NTPOG Iceman Intake Review|
Author: John Haley
The Iceman intake is essentially a very simple design. It consists
of a single plastic tube that approximately follows the course of the stock
intake plumbing from near the battery up to the throttle body. The
tube smoothly decreases in diameter from the bottom end (battery) to the
top (throttle). Knight Engineering claims that this is to increase
airflow velocity, you can make your own decision about that. The
tube also has a brass fitting for the breather hose. Knight supplies
everything you need for installation (pipe couplers, hose clamps, even
a replacement breather hose) and the filter is genuine K&N (it comes
still in the box). The slickest part about the intake is this:
You can mount the filter directly to the end of the main pipe, and have
it sit next to the battery (like RS*Akimoto or Weapon R). Or, you
can use the included competition extension and mount the filter in the
"cold air" location -- inside the fender, out of the engine compartment.
The extension is the same, smooth bore, textured exterior plastic as the
main pipe, and it's shaped to fit the oval hole left by the stock intake
-- that means no cutting.
In this picture, you're looking at the competition extension. The filter could
be mounted here, next to the battery, if you wanted. It's hard to see in this
picture, but the pipe goes perfectly through the hole.
I firmly believe that Knight Engineering is a dishonest group of incompetent
monkeys (email me if you want to know why), but they really nailed it with
this intake. Nearly everything fits perfectly. The pipe couplers
and hose clamps are exactly the right size, and the pipe runs perfectly
where it's supposed to.
There ARE two things that I didn't like. The first is the mounting
bracket (painted red in my picture). I think they cut a corner here
and included the 4th Gen bracket, because it doesn't seem to fit anywhere.
You'll have to bend it substantially to get it to mount securely anywhere,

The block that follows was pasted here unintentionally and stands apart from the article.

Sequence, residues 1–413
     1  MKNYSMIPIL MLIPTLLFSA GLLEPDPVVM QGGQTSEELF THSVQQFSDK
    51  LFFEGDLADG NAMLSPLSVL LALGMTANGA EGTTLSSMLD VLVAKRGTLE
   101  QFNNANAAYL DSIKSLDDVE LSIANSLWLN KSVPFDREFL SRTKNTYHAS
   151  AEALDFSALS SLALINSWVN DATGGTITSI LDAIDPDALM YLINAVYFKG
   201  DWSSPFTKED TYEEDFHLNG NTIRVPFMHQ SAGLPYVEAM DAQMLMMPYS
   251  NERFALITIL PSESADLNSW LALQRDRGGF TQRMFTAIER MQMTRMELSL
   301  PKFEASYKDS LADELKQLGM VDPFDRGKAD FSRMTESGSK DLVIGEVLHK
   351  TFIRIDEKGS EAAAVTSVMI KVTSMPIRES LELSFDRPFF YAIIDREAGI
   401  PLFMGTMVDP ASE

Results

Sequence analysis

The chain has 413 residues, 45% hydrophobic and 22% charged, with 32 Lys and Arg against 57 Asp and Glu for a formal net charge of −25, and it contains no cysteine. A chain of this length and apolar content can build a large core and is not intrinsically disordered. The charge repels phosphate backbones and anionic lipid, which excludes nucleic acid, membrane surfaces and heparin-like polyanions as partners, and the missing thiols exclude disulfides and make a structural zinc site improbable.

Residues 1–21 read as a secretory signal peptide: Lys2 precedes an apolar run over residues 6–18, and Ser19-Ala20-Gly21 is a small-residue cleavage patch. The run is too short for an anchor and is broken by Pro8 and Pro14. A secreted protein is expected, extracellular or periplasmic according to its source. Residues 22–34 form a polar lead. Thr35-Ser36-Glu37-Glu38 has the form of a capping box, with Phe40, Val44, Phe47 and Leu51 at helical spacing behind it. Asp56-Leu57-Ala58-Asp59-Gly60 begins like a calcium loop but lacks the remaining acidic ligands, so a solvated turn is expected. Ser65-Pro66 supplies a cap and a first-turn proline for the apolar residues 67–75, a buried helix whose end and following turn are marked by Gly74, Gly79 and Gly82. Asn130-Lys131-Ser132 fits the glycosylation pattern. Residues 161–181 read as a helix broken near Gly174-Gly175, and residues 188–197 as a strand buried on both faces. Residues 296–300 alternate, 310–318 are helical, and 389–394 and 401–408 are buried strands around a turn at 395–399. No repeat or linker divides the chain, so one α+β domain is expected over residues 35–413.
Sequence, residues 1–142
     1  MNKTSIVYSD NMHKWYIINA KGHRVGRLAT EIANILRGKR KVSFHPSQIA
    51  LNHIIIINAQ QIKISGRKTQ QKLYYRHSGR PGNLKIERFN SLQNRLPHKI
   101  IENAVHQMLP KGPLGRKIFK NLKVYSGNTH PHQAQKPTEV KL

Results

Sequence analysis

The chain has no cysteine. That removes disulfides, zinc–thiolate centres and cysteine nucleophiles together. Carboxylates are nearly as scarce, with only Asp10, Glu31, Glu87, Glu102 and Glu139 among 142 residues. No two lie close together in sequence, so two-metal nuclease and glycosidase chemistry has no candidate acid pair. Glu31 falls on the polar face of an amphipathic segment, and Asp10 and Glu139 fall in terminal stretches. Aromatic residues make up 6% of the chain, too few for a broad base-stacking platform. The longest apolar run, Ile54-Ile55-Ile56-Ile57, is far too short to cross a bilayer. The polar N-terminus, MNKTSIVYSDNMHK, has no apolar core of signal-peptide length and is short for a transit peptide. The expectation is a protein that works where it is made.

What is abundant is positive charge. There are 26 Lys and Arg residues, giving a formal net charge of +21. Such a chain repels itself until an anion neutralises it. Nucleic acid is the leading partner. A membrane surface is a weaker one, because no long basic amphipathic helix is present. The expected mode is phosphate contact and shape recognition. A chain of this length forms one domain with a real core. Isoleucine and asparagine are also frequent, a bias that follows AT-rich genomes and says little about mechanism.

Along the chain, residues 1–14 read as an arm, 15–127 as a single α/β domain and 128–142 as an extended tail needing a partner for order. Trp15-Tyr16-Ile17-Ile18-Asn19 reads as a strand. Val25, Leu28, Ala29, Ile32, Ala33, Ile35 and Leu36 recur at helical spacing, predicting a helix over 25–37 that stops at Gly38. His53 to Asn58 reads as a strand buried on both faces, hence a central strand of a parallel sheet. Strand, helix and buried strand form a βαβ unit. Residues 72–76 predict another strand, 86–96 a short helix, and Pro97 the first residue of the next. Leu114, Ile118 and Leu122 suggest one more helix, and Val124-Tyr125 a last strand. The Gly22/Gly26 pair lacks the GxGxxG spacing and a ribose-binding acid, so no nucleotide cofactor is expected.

and even then it's shaky at best. This might actually be a good thing
because the engine torques a good bit, and maybe a little play in the mount
isn't too bad after all. Anyway, after 15k miles with it, it's never
come loose, so I guess it's not bad, just a little slack on their part.
The second problem is one that can't really be helped. The extension
piece is oval at the bottom (to go through the hole) and round at the top
(to match the main pipe). Because neither the round part or the filter
will fit through the oval hole, you'll have to insert the extension from
the top, and then mount the filter inside the fender. The
fitting on the filter is rubber and is easily pliable enough to get it
to fit the oval pipe, but it's hard to get it all to line up and then tighten
the clamp while you're squeezing inside the fender. Someone with
smaller hands might not have as hard of a time as I did.
This picture shows a side view of the main pipe. The flimsy bracket is
circled in green, and the breather fitting/hose is circled in blue.
If you are wondering if the filter gets wet when it rains, the answer
is a definite YES. It doesn't seem to cause any problems, though.
I have driven through huge downpours and puddles up to about 8 inches deep
(in a lowered car) without any problems. The filter sits at
the very top of the fender, so I think (don't quote me) you'd have
to be submerged almost up to the headlights before you aspirate enough
water to do damage.
The Iceman is so close to the AEM in performance that I can basically
cut/paste the first part of the AEM review and have everything still be
applicable. The intake is definitely louder than the stock intake, and it adds a
very pleasing throatiness to the tone. At partial throttle with the radio
off, you can hear the air rushing through the intake system. Also,
at idle, standing by the passenger side of the front bumper, you can hear
the air being sucked in by the intake. I don't think that the intake
makes the exhaust louder, but the sound of the air rushing into the filter
can be heard inside and outside of the vehicle. Performance wise,
my butt-dyno noticed a small increase down low, and a big increase up high.
I've seen dyno plots that show a max gain of 13 Torque and 9 HP.
I know this sounds outlandish, and I can't seem to find those plots any
more, so I guess I'll have to leave it at "It definitely makes a difference."
VTEC is more pronounced and there seems to be more kick, but I wasn't able
to dyno the car before and after, so I cannot confirm any gains/losses.
I would say that if you're going for performance, this would probably be
the ideal first step. It makes a relatively large contribution, and
isn't very expensive anymore.
In terms of performance, sound, and functionality, I think the Iceman
and the AEM are virtually equivalent. The Iceman has several advantages
-- it looks better (IMO), it doesn't require any grinding or cutting of
sheet metal, and it's cheaper.
For comments or questions, e-mail me.
This page last updated 4/3/01.